To the editor:
“Ten Salem students reach their impossible dream!!’
“Community Charter School graduates 10 against all odds!”
Either of these could have been the banner headline on the front page of the Salem News of Monday, July 22. Could have been is the operative phrase because they were not.
Oh no!! The editors chose instead:
“State takes action against city’s charter school.”
It’s not simply that the “could have been” headlines are more positive than the one chosen. Oh, no. No Pollyannaism here. They would also have been more accurate. One assumes here that the News has some interest in accuracy.
The fact is that the Salem Community Charter School graduated 10 young people on Friday, July 19. The fact is that, without the “last chance” provided by the Salem Community Charter School, none of these young people would have achieved a high school diploma. Lack of this document shuts almost every door in a tight employment market and generally precludes the option of military service. What occurred on Friday night was the beginning of a hopeful world for 10 young people who previously had no educational hopes or dreams. It was an awesome occurrence that went virtually unnoticed.
The fact is that when you finally get to paragraph 10 of the News story, those still reading discover that the school “has made significant progress toward addressing each of the conditions placed on its Charter.” Ten paragraphs to find out that the headline was bogus! Amazing!
The public should be aware of a few things that have affected life at this entity:
1. It was through the district’s recognition of a serious dropout problem and the coordinated efforts of Salem Public School administrators, Mayor Driscoll, social service agencies, the juvenile courts, the Salem Police Department and many individuals, all of whom worked tirelessly during the 2010-2011 school year to seek a charter and develop the plans that allowed the new school to open in September 2011. It is to the credit of the Salem School Committee members that they stood firm in the conviction that this was the right thing to do; that the circumstance that led to the situations faced by these young adults could, with a lot of help, be overcome.
2. While it might be lost on the omniscient state Department of Elementary and Secondary Education, the present location of the school in a less than ideal setting and the physical limitations on its growth are not the “fault” of Principal Yurwitz, her staff or the school’s trustees. It is due to a lease dispute between the mall operator and the city of Salem.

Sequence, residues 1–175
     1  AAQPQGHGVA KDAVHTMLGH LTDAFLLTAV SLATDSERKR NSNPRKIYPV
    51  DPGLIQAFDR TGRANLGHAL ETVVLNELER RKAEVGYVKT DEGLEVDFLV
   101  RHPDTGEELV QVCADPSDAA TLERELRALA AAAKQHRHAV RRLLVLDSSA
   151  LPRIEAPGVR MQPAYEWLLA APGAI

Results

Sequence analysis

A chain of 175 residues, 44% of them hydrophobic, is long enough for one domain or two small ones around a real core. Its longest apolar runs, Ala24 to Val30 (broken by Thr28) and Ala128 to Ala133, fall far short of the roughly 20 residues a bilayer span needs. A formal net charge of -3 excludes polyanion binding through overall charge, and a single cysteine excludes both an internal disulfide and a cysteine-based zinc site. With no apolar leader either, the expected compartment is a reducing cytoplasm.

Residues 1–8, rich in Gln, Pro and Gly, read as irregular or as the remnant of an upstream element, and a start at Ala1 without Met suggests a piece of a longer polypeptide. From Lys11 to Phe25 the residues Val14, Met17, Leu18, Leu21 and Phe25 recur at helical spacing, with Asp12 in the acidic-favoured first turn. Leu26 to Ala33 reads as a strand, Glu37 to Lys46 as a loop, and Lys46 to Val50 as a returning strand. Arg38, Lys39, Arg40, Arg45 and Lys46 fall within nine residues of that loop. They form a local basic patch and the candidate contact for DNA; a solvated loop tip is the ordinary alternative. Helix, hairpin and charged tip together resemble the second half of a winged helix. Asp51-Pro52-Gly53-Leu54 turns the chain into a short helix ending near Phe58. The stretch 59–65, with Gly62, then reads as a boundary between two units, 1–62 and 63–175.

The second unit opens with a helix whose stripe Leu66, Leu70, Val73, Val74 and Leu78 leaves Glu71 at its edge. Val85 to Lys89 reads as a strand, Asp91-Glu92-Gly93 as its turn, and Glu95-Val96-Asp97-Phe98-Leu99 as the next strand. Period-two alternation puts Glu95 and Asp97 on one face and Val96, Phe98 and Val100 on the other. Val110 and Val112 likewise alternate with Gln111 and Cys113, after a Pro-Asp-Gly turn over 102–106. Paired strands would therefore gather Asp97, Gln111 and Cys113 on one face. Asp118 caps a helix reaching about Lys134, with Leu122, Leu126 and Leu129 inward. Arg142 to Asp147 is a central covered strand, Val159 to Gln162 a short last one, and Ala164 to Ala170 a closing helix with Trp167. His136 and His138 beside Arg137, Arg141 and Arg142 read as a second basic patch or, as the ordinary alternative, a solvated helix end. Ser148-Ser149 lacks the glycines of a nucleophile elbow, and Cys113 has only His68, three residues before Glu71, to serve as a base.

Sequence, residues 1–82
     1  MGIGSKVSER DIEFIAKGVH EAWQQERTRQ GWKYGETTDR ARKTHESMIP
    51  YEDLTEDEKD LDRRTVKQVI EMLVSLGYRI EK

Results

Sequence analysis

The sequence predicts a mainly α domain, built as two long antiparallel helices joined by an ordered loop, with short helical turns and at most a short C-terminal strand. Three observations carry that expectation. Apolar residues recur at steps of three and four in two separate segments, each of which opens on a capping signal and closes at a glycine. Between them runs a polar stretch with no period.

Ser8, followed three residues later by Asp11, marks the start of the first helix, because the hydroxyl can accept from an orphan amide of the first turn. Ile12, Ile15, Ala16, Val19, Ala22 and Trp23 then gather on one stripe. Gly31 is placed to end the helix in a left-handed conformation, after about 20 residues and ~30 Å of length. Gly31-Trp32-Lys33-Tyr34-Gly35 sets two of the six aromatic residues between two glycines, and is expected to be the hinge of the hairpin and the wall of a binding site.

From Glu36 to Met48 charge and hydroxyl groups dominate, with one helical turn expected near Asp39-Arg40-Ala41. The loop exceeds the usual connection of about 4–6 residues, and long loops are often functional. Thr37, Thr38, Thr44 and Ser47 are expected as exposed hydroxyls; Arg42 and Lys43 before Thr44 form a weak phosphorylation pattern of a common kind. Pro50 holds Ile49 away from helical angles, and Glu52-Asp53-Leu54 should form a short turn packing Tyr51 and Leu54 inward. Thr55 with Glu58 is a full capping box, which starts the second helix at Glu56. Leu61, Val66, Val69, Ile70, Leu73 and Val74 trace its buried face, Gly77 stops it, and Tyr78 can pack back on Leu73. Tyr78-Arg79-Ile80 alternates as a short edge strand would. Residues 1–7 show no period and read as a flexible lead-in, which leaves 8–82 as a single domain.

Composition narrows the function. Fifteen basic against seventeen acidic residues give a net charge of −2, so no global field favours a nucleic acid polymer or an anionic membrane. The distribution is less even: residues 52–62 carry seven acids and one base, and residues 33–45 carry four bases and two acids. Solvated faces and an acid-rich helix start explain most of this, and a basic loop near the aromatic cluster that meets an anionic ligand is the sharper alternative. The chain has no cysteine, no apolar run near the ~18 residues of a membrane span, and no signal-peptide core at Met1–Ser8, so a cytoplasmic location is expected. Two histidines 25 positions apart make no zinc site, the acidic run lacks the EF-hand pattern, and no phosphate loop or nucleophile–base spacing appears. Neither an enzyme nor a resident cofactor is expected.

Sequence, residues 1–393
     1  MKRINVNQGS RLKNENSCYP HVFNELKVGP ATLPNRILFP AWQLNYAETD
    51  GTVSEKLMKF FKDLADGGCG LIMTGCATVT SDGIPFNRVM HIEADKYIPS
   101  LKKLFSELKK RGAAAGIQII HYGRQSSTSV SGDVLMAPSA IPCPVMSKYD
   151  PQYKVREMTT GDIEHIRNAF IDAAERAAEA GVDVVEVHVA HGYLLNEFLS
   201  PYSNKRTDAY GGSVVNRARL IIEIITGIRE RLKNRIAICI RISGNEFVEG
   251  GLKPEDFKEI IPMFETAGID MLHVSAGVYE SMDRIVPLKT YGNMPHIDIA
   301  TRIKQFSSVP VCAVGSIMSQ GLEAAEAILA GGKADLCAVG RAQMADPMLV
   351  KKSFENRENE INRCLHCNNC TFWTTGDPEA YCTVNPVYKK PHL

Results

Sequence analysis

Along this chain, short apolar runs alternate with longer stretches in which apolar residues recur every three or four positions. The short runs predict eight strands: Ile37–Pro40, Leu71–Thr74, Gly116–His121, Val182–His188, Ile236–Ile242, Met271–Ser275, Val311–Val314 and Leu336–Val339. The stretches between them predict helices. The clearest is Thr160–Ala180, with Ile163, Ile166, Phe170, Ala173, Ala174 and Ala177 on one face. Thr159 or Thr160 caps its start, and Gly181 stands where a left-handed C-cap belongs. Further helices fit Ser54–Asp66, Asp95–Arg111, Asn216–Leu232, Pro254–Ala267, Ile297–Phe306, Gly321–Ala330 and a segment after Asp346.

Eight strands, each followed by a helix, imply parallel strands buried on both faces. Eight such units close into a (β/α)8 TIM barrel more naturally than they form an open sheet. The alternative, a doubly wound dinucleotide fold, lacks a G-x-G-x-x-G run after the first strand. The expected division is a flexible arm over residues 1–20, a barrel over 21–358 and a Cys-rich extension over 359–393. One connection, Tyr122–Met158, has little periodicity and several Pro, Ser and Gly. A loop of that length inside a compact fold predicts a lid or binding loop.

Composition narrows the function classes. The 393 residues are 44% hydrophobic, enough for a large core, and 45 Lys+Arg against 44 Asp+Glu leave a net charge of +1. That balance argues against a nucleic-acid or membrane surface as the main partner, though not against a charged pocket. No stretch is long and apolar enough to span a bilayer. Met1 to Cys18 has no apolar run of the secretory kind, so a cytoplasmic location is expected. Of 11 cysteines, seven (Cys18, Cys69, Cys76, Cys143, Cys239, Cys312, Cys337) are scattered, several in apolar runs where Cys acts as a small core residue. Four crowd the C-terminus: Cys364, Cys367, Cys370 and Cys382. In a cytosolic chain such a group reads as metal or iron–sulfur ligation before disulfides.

3. The curriculum issue could have been avoided. When Dr. Cameron and consultant Robert Gass were working on gaining approval and principal Yurwitz was beginning to implement curriculum from the already functioning Boston Day & Evening Academy, DESE was very favorably impressed. It is likely that curriculum changes were warranted, as is so often the case in replications. But if these changes diverged substantially from the charter, that should have been noted at the DESE Charter School Office. It was reported that the DESE believes that “tough love” is the answer to our problems. This certainly sounds like our shoot-from-the-hip commissioner. The school needs ongoing, well-informed support both from DESE, the Salem Public Schools and the city of Salem, not “tough love,” which is, at best, a meaningless term.
4. The attendance issue has to be seen in context. This school, unlike “Commonwealth” charter schools, is not cherry-picking students from a lottery of highly involved parents. It is picking up the pieces of often fractured lives. Some of its students have families. Some have job responsibilities. Some probably have rehab time commitments, etc. Its attendance cannot be directly compared to “normal” high schools but should be put into perspective.
The larger issue here is the approach of The Salem News. Perhaps it’s simply a fact that bad news sells more papers than good news. I hope that circulation concern is indeed the explanation, because this paper intentionally printed a headline and story start that emphasized doom and gloom when it could just as easily, and more accurately, reported what it really was: a story of joy and promise.
Editor’s note: Brendan Walsh is a member of the Salem School Committee.